— Arthur Schlesinger, historian and Kennedy aide
— E.B. White
Been lost in these books the last few weeks:
Hitch 22 by Christopher Hitchens
Middlesex by Jeffrey Eugenides
Carry the One by Carol Anshaw
Behind the Beautiful Forevers: Life, Death and Hope in a Mumbai Undercity by Katherine Boo
My Iran-related/professional resolutions:
- Pursue more challenging stories, ones that require a wider and deeper set of contacts within the country. I already have two or three story ideas that I think will stretch and expand my reporting skills.
- Write a different mix of stories, especially more profiles
- Become more familiar with Persian poetry
- Learn how to properly cook rice (or just give in and buy a rice cooker!)
— From Saadi, the medieval Persian poet. I came across this line on a friend’s Twitter feed. I’ll leave the exact translation up to the pros, but the message is not to tie yourself to any one person or place, because the world is full of both people and places to explore. It speaks to the foreign correspondent inside me :-)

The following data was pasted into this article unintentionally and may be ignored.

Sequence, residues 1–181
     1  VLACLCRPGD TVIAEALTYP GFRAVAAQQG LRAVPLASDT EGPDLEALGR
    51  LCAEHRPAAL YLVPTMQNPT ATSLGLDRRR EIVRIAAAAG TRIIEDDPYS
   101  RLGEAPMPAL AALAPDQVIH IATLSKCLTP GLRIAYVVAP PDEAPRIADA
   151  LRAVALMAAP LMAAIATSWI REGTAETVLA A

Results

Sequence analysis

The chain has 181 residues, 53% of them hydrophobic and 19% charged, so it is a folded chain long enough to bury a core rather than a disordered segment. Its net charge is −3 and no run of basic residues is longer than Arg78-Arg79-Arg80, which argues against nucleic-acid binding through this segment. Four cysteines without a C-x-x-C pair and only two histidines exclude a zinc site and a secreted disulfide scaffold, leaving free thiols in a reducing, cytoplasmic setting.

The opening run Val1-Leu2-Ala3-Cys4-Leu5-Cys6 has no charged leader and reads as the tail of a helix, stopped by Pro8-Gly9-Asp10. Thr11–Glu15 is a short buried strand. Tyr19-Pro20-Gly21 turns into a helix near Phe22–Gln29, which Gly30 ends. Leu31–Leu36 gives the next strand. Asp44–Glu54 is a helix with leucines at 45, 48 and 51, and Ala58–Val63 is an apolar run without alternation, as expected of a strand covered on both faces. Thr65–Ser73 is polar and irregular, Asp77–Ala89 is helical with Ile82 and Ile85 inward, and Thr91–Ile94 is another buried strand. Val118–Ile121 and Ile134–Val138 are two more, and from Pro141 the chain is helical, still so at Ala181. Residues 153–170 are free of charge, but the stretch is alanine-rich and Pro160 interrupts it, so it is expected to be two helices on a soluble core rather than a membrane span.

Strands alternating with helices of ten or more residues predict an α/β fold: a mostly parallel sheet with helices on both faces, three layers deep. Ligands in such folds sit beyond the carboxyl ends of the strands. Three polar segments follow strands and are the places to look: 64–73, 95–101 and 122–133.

Credit: Reuters/Thaier al-Sudani
What’s going on with the Iranian rial? My colleagues and I have been following the issue closely. Here are a selection of stories that explain the rial’s huge falls in the last few weeks.
Iran launches forex centre to support sagging rial - Reuters.com, September 24, 2012
Iran rial hits record low despite new effort to stabilise it - Reuters.com, September 25, 2012
Iran rial plunges as Western sanctions bite - Reuters.com, October 1, 2012
Iranian police clash with protesters over currency plunge - Reuters.com, October 3, 2012
Tehran’s Grand Bazaar reopens, currency trade still frozen - Reuters.com, October 6, 2012
Many have asked, pointing incredulously toward a sweep of tract homes and billboards, why picture that? The question sounds simple, but it implies a difficult issue—why open our eyes anywhere but in undamaged places like national parks?
One reason is, of course, that we do not live in parks, that we need to improve things at home, and that to do it we have to see the facts without blinking … Paradoxically, however, we also need to see the whole geography, natural and man-made, to experience a peace; all land, no matter what has happened to it, has over it a grace, an absolutely persistent beauty."
— Robert Adams, 1974. He was speaking about photography but I think it applies pretty well to all forms of bearing witness.